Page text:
In war-torn Syria, Mudar Salimeh has found an oasis of tranquility by studying moths.
Thanks to Mudar’s interest in moths, Syria is on National Moth Week’s world map for thefirst time since it was started in 2012. He will be setting up lights near a lake in the Mashqita area to observe and photograph moths and invites others to join him.
“I like nature and photographing nature, but I have just started my second year following butterflies and moths,” said Mudar, who adds that he also will be working on the “first Syrian encyclopedia about Lepidoptera.”
“After I saw the event announcement on the National Moth Week website, I said to myself: ‘why I do not join, I am naturally looking for Lepidoptera everywhere’ and because the event specialized in moths, I decided to make overnight camping in the forest.”
He chose a mountainous area close to a large lake, “part of the coastal mountain range in western Syria, overlooking the Mediterranean Sea,” where he hopes to discover new species.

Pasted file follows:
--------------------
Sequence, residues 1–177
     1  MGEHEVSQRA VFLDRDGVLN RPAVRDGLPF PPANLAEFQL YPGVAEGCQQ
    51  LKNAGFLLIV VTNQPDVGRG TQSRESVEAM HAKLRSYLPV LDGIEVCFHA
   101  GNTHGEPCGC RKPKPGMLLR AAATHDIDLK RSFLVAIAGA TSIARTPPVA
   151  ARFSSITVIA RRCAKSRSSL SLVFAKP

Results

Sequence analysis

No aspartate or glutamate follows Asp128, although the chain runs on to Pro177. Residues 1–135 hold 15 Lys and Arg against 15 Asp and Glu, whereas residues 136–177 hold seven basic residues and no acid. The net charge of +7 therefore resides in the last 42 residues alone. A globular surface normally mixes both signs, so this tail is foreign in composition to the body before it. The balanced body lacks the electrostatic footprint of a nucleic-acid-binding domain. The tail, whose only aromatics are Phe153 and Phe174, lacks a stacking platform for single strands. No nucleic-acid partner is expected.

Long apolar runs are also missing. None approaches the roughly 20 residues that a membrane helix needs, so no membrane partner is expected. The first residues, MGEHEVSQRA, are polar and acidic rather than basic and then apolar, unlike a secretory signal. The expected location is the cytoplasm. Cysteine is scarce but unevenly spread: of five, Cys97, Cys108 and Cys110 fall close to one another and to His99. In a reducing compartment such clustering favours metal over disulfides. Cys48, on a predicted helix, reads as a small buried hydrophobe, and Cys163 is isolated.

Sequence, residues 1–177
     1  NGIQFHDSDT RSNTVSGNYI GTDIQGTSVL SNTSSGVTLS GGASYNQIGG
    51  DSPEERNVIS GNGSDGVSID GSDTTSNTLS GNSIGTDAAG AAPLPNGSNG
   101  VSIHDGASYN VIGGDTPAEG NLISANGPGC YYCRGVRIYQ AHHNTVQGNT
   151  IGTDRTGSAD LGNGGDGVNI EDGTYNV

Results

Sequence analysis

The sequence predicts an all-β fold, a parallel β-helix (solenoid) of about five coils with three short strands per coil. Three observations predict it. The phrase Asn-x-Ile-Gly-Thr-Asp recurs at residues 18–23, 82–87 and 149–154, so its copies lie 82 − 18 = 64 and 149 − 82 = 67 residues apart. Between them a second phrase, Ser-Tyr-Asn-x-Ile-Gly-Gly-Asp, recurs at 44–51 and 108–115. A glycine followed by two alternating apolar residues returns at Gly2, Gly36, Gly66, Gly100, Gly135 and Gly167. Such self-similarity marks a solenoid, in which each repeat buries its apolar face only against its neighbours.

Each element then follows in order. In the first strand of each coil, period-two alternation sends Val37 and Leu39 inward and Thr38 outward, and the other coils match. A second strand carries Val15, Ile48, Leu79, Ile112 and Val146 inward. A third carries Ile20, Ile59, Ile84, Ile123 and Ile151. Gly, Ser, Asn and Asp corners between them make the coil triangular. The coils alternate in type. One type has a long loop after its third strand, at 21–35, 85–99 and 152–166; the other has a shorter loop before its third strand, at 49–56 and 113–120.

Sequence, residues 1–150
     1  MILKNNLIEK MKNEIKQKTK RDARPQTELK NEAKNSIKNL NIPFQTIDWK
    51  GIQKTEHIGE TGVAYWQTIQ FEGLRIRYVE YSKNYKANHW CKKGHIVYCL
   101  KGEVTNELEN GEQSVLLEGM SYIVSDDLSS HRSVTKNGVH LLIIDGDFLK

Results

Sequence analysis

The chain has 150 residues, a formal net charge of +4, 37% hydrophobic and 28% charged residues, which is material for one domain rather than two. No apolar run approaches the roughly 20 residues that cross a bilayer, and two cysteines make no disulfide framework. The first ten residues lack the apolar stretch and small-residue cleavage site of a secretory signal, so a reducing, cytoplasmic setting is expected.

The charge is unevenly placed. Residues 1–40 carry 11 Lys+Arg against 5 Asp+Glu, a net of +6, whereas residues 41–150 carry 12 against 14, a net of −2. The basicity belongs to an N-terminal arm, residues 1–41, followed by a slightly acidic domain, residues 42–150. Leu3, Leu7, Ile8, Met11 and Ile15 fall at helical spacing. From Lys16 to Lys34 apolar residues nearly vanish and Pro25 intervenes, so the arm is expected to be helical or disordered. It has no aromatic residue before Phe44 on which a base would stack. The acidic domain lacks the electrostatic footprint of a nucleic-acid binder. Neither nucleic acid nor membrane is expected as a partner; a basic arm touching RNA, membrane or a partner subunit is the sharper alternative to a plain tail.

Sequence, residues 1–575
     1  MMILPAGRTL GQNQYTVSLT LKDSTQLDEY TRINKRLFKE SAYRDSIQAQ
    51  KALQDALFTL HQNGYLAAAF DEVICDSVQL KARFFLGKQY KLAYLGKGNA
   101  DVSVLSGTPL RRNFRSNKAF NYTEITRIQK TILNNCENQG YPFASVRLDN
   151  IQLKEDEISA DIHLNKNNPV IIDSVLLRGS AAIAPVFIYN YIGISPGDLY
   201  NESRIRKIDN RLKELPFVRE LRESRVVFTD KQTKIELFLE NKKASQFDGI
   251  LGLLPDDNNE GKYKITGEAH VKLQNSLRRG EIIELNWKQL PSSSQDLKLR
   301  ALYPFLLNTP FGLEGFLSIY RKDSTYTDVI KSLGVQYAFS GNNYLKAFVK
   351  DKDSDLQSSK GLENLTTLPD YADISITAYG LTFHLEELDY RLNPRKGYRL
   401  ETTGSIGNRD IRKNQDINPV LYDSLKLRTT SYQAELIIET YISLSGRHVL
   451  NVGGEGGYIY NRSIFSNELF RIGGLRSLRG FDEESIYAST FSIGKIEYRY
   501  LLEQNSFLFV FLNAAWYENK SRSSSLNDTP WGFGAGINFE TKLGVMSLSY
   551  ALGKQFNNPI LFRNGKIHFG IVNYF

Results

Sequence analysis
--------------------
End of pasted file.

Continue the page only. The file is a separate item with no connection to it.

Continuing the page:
Mudar says he is still learning about the moths of Syria, but believes there are many species that deserve attention. “There may be species that are not described in the rest of the world,” he writes. “I think that Syria is the ideal place to get samples from them. “
He hopes to get IDs for his moth photos to properly identify them. National Moth Week recommends that moth-ers submit their photos to our partner organizations listed on the website. Experts will assist will identification.
Mudar laments that moth watching is not very popular in Syria.
“I live in a country where the war began eight years ago and has not yet ended. This means that there will not be many people to join in the event and maybe I will be there with one or two of my friends,” he said.
“But that will not be frustrating,” he said. ” I am doing this to enjoy myself and certainly will not be alone.”
Mudar’s Syrian Butterflies (and moths) website – click here